Preparing your video for uploading to vimeo

      To upload your video to vimeo, you have make sure two things are correct:
      • the screensize, which we discussed before
      • the video format
      gtk-recordmydesktop creates an Ogg Theora file, and unfortunately vimeo does not accept that format yet. Converting that to MP4 was hell, until I found Arista Transcoder. Using Arista to create an MP4 is easy (but you have to know it):
      • open Arista Transcode
      • create a new conversion
      • select your file, by default called out.ogv, as the source
      • select Sony Playstation - PSP as the device
      • press create!
      This will create a file called out.mp4 which is just perfect for vimeo, including the sound.

      The result

upgrading to Ubunty 11.04: nvidia troubles
When upgrading my development machine to Ubunty 11.04, Natty Narwal, I also had a problem with nvidia drivers, and I want to list all possible solutions to fix that. First the symptoms: my Ubuntu would boot up, but the screen would just turn black. When booting in failsafeX it would work, but not with Unity (I would get white areas instead of window-content), because it needs the 3D acceleration? But when trying to enable the nvidia card in any way, and rebooting normally, I would end up with black screens. So what did i attempt to fix all that:
  • I removes the previously installed drivers and installed them again: this will make sure the drivers are rebuilt against the current kernel. This could already help.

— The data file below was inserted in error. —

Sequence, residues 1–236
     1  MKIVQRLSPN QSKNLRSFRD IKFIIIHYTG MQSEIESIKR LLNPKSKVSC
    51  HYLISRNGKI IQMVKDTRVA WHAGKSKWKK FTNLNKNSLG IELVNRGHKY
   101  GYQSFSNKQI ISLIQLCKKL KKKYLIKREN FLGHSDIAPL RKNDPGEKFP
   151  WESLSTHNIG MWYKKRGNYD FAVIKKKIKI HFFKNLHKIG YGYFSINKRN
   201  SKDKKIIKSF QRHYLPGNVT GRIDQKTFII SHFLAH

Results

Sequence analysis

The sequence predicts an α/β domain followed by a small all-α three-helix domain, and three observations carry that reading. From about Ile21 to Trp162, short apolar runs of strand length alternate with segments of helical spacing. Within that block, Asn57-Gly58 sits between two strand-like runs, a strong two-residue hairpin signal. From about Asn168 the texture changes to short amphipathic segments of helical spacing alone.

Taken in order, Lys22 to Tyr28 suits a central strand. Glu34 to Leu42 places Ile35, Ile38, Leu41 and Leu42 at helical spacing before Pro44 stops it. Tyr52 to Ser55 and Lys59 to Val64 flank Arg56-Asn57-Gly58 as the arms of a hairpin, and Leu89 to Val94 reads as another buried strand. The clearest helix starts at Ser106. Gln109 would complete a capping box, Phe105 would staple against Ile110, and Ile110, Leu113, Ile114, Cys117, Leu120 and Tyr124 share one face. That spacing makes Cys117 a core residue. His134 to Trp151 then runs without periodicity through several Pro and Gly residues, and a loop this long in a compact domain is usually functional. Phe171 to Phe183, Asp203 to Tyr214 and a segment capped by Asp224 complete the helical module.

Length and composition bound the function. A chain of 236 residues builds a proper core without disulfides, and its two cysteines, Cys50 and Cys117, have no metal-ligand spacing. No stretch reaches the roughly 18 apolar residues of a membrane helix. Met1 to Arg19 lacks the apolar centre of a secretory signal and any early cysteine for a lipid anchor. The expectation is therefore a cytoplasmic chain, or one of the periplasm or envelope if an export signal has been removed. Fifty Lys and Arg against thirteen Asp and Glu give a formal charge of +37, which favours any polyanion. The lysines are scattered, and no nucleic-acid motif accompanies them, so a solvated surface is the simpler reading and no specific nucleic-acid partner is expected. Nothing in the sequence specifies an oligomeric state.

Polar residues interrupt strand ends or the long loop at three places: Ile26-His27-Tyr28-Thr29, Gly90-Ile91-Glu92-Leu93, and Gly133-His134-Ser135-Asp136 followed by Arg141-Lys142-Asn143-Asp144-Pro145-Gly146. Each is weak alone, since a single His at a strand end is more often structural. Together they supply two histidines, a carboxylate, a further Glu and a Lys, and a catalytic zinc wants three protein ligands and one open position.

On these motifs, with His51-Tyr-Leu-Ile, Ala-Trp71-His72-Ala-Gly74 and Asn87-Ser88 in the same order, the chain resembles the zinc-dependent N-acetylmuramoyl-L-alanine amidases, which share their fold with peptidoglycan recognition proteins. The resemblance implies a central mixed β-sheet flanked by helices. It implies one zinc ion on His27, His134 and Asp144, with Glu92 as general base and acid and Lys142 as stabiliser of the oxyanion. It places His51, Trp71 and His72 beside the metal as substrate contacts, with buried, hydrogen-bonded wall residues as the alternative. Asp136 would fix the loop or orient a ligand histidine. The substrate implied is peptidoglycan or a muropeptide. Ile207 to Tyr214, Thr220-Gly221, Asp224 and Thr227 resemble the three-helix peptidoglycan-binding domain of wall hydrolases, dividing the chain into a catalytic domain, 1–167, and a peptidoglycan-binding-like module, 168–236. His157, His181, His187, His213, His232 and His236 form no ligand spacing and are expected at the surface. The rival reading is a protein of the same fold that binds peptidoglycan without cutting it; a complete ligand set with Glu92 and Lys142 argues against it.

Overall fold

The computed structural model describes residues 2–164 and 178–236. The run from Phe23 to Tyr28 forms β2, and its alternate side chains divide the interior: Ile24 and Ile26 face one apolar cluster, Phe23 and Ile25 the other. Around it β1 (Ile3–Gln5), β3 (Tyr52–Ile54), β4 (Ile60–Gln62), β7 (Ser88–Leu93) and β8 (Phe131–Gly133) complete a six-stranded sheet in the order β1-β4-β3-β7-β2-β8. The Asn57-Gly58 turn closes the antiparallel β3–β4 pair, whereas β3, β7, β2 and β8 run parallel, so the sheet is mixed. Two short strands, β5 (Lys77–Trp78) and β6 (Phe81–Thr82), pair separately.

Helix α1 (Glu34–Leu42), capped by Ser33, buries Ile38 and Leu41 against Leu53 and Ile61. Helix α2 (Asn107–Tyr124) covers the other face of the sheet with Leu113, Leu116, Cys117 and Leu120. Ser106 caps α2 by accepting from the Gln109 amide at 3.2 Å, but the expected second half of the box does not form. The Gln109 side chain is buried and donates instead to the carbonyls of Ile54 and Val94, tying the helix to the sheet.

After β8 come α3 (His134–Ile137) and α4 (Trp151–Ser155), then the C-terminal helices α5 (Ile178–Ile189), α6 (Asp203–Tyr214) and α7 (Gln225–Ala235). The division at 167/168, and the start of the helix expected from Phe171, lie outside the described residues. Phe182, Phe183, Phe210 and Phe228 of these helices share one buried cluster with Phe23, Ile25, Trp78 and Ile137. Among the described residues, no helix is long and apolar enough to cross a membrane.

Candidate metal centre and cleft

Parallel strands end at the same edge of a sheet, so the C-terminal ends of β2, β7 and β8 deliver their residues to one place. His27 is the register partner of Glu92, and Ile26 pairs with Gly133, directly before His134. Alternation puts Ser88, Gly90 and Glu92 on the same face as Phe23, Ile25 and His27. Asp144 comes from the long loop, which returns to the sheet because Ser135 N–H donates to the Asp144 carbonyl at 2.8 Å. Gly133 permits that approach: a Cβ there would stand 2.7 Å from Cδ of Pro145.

• Booting through failsafeX and activating the current driver; also using the previous driver (173): did not help me either
  • i added UNITY_FORCE_START=1 to /etc/environment as mentioned here (as GeForce 7300/7400 are blacklisted, but i have a GeForce Go 7100)
But it all kept failing. So, last resort (I should have thought of it earlier), I investigated the X-logfiles. Inside my /var/log/Xorg.0.log I found that nvidia had problems allocating the memory: [bash] [ 14.055] (EE) NVIDIA(0): Failed to allocate primary buffer: out of memory. [ 14.055] (EE) NVIDIA(0): *** Aborting *** [/bash] Apparently this is a known bug, and i had to do the following to fix this:
  • edit /etc/default/grub
  • find the option GRUB_CMDLINE_LINUX and add nopat, so for me this looked like [bash] GRUB_CMDLINE_LINUX="nopat" [/bash]
  • run sudo update-grub
And then, finally, everything worked fine for me :) Hope this helps.
fixing pgadmin3
When i try to run pgadmin3 on my ubuntu 10.04 box i now get the following error: [bash] $ pgadmin3 pgadmin3: relocation error: pgadmin3: symbol _ZN21wxMemoryFSHandlerBase19AddFileWithMimeTypeERK8wxStringPKvjS2_, version WXU_2.8 not defined in file libwx_baseu-2.8.so.0 with link time reference [/bash] I assume it has something to do with one of the latest updates. I run all the updates always when they are proposed, but i am not really sure this always is a good idea. When googling the error i found a lot of links, and ultimately, also the fix: [bash] apt-get source pgadmin3 sudo apt-get install debhelper libpq-dev libwxgtk2.8-dev libxml2-dev libxslt1-dev autotools-dev devscripts cd pgadmin3-1.10.2 dpkg-buildpackage sudo dpkg -i ../pgadmin3_1.10.2-1_i386.deb [/bash]
installing ubuntu for ruby development